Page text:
To get started cut two pieces of string about 2 feet long.
Fuse the ends of the string (assuming it’s nylon string) by holding the ends close to a flame until they melt.
Tie one of the two foot pieces of string to each of the rings. Then tie the rings to two moveable but heavy objects such as chairs.
Separate the two chairs as far apart as you want your hammock to be long. Be sure to make it a few feet longer than you are tall. Otherwise the hammock will be uncomfortable at your head and feet.
Start the weave by tying the end of your roll of string to one of the rings. This knot is structural so I recommend tying a retraced figure eight.
Run the cord from one ring to the other pulling it slightly taut.
Wrap the second line of cord around the first.
Each time you loop the second line around clip a pen on to the newly formed loop. How many loops you decide to do lengthwise is important. The more loops you do the more comfortable the hammock will be, but it will take you longer to finish and make it difficult to tension the string. With the number of strings I used the hammock is comfortable but it took a very long time.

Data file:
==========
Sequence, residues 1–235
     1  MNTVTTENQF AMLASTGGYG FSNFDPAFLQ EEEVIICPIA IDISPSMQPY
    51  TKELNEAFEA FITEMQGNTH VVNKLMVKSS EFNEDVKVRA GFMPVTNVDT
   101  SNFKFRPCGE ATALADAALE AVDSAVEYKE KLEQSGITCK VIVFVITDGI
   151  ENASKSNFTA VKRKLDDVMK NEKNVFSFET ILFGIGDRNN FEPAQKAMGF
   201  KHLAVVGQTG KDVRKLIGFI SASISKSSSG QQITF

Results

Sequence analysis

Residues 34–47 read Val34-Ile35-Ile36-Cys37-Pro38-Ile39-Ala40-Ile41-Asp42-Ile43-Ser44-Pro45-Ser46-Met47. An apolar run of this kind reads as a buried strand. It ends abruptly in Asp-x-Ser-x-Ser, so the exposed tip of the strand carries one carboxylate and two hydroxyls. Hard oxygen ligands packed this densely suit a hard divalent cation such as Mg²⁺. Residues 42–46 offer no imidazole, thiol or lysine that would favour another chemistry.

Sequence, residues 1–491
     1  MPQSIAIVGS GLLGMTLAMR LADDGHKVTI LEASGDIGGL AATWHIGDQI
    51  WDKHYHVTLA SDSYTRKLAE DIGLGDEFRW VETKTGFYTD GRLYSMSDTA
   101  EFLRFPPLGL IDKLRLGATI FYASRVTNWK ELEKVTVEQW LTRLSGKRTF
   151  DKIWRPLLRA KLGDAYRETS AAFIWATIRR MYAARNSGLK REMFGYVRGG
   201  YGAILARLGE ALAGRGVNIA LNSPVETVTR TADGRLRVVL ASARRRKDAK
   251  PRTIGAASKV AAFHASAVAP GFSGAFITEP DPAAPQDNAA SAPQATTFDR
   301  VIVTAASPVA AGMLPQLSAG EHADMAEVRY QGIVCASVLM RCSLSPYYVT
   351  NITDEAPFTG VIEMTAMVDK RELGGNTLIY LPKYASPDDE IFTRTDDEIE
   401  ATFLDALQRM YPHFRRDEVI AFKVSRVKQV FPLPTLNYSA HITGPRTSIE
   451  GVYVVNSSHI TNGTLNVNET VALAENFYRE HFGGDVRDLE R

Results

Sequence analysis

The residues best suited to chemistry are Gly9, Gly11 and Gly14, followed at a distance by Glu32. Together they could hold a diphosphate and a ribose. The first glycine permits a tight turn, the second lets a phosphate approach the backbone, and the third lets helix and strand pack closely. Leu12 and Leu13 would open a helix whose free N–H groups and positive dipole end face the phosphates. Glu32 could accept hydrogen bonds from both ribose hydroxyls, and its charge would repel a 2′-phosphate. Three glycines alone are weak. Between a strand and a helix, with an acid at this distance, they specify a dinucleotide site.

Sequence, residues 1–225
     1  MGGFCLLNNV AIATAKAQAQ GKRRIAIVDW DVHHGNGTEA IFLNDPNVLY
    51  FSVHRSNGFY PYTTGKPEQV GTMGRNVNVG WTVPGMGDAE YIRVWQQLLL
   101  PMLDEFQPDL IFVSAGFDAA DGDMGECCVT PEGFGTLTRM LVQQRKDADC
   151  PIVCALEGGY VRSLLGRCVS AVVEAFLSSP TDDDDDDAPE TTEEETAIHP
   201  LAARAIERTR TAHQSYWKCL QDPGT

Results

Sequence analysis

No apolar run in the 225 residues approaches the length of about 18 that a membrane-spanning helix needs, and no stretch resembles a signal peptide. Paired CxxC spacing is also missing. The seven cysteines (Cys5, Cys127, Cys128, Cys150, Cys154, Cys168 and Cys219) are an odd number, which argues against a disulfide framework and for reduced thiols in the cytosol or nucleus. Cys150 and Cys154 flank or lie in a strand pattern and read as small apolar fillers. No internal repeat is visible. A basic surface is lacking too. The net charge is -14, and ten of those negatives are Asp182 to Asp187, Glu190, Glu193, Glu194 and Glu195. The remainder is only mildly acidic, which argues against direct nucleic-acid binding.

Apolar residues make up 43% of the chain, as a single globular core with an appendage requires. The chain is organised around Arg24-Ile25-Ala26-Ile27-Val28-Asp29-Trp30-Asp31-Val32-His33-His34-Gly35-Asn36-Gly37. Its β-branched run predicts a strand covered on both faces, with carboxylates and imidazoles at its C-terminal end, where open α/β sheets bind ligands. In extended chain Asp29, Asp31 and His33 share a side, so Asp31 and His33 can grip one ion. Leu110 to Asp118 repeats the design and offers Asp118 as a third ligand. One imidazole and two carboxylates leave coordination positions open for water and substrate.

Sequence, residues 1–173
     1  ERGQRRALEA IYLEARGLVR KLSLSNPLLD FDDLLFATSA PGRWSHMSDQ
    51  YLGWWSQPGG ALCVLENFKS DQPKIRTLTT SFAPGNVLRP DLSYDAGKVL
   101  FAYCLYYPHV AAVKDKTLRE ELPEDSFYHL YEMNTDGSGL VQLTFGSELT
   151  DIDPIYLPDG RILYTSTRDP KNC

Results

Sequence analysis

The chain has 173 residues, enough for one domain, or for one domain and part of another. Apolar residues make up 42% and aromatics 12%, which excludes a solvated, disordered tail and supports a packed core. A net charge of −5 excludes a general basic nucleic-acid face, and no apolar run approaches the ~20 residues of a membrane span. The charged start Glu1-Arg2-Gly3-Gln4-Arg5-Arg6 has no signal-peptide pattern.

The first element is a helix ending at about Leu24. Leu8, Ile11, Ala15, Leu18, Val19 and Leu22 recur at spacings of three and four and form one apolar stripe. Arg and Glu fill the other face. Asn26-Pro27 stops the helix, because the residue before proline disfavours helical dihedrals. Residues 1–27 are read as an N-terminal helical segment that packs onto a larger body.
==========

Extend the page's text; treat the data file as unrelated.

When you finish the second row loop the string back through the ring again and begin the weave for the third row. Always put the roll of cord through the loop made by the pen from the top forming a new loop. By putting it through the same way each time you will make the pattern look better. The roll of line is through the loop formed by the pen’s weight, unclip the pen and reclip it to the new line.
Repeat this procedure until you are done. Then tie off the line with another retraced figure eight.
Complete the hammock by tying larger ropes capable of supporting your weight to the rings so that it can be hung. Remember that the strings actually need to be able to support quite a bit more than your weight due to the angles at which they are supporting you.
Tensioning is very important to the weaving process. Eventually as you use your hammock the strings will slip and it will conform to your body like a glove. However if you do not tension it correctly you may not be able to use it enough to cause it to adjust. Keep the sides taut and give it a little slack in the middle. If you do not get the tensioning right you can pull the strings through by hand but it is difficult and time consuming. It is better to get the tension right the first time.
Storage: Many hammocks become hopelessly tangled (especially those with spreader bars). To keep your hammock from becoming tangled always tie the two steel rings together when your hammock is not strung up. That way it will remain untangled even if you just wad it up and throw it in your backpack because it forms a continuous loop.